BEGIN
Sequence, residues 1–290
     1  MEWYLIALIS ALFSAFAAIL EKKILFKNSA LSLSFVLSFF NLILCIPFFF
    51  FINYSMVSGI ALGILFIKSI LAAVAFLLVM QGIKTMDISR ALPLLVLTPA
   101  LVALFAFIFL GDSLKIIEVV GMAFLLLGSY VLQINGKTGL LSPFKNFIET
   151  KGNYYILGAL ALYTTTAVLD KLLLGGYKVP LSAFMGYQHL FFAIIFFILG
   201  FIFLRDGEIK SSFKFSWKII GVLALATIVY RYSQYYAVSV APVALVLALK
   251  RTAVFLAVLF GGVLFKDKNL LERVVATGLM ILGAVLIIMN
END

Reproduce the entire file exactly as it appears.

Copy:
Sequence, residues 1–290
     1  MEWYLIALIS ALFSAFAAIL EKKILFKNSA LSLSFVLSFF NLILCIPFFF
    51  FINYSMVSGI ALGILFIKSI LAAVAFLLVM QGIKTMDISR ALPLLVLTPA
   101  LVALFAFIFL GDSLKIIEVV GMAFLLLGSY VLQINGKTGL LSPFKNFIET
   151  KGNYYILGAL ALYTTTAVLD KLLLGGYKVP LSAFMGYQHL FFAIIFFILG
   201  FIFLRDGEIK SSFKFSWKII GVLALATIVY RYSQYYAVSV APVALVLALK
   251  RTAVFLAVLF GGVLFKDKNL LERVVATGLM ILGAVLIIMN